Tsunami alert lifted after 7.7-magnitude Pacific quake
A tsunami warning in the Pacific has been lifted after a 7.7-magnitude earthquake struck on Friday, sending many islanders fleeing coastal areas.
The quake hit at 0257 GMT, prompting people on multiple South Pacific islands to race to higher ground as sirens warned of possible hazardous waves.
"Based on all available data the tsunami threat from this earthquake has now passed," the Pacific Tsunami Warning Center said in a statement.
It forecasted "minor sea level fluctuations" over the next few hours.
The Honolulu-based body had earlier issued tsunami warnings for coastal areas within 1,000 kilometres (620 miles) of the epicentre, which lay east of the French Pacific territory of New Caledonia.
Vanuatu had been identified as the island threatened with the largest waves from the quake.
Benie Simo, a local tour operator on Mystery Island in Vanuatu, said he received a government warning via text message to evacuate and moved to higher ground.
The waves, he said, were coming up "really high", describing them as being about one to two metres (three to six feet) tall and noting that so far there were no reports of damage.
"People are just doing exactly what they're being told... So they're just going up to the higher ground until they're told it's all safe to come back down," he said.
"Got to be cautious, and people just follow the protocols."
Vanuatu authorities called on residents to evacuate coastal areas lower than 12 metres above sea level and within 300 metres of the shoreline.
Anna Erick, who runs a beachfront hotel on Tanna island in Vanuatu further from the quake, told AFP she decided to head to higher ground with her children after larger-than-usual waves began to crash on a nearby beach.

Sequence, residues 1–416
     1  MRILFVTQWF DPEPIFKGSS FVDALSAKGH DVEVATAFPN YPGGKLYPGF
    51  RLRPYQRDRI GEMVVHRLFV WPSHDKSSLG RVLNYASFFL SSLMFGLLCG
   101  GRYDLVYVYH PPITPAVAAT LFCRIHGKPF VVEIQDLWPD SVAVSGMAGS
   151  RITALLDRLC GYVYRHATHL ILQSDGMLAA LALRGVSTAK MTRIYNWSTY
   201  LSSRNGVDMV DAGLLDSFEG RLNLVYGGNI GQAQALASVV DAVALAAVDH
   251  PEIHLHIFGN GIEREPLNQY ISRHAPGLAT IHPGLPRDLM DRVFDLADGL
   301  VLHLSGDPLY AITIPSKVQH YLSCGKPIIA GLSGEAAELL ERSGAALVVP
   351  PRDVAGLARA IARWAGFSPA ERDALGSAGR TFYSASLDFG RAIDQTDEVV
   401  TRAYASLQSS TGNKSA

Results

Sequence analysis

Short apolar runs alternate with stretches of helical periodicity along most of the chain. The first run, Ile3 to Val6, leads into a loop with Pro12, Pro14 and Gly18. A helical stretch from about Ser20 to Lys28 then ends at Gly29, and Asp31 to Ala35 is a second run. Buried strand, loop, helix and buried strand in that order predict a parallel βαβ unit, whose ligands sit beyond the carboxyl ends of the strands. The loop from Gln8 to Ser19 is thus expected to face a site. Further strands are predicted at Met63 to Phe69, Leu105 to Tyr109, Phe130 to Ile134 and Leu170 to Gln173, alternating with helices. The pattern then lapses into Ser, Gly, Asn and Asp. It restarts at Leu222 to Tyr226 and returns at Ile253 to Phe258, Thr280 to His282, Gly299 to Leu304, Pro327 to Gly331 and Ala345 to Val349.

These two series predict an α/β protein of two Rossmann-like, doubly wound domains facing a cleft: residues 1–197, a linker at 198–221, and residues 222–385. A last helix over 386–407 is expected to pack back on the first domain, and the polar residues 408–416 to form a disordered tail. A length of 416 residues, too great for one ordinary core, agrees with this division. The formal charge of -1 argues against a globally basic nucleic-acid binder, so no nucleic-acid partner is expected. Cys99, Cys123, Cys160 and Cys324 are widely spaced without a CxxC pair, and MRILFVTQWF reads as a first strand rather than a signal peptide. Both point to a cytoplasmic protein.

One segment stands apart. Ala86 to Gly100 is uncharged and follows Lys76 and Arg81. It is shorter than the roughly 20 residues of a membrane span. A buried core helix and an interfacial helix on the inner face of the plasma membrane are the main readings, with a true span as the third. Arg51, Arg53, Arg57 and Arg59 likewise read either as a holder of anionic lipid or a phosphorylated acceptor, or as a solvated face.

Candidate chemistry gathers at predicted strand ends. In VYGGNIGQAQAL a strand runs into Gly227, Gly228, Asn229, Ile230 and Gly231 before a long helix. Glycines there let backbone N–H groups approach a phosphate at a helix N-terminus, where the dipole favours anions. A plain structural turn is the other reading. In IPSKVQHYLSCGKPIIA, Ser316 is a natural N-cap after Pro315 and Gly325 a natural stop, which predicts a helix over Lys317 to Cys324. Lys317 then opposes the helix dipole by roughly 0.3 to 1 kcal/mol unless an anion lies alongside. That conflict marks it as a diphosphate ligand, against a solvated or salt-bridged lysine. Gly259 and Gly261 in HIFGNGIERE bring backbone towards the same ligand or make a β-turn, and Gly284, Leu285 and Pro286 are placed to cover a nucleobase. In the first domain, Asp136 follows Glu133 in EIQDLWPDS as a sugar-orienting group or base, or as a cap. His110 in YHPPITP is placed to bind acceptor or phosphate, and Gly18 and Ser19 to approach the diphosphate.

The waves were about knee-high, she said.
While she decided to evacuate as a precaution, others were still watching the waves, Erick said.
In New Caledonia, the police had also evacuated the coast and activated tsunami sirens.
Waves that hit the New Caledonia islands of Mare and Ile des Pins, "were no higher than 50 centimetres", said civil security chief Frederic Marchi-Leccia.
"Sirens rang all around the territory, and the security forces and firefighters evacuated the coastal areas," he said.
- 'Ring of Fire' -
A hotel receptionist in the New Caledonia capital Noumea told AFP she had felt no shaking from the tremor.
But others in the city reported feeling strong shaking.
"We were on the 14th floor. We were on the sofa quietly watching TV, we were finishing lunch, and then it shook for a few seconds. It was super scary," one resident told a local radio programme.
Another, named Anne-Laure, told the programme: "We didn't think... we went to get my sister-in-law and immediately we came to higher ground."
Meanwhile, a travel agent on Ile des Pins on the eastern edge of the New Caledonia archipelago said she heard no evacuation warning.
"Everybody is still on the beach and in the restaurants," she said.
Earthquakes are common along the Pacific "Ring of Fire", an arc of intense seismic activity that stretches through Southeast Asia and across the Pacific basin.
Earlier this month, an earthquake in Japan killed one person, injured dozens more and destroyed several buildings.
And in April, an evacuation order was issued to coastal dwellers on a remote Philippine island after a 6.2-magnitude quake struck the ocean off the archipelago, triggering a tsunami warning, though there were no reports of damage.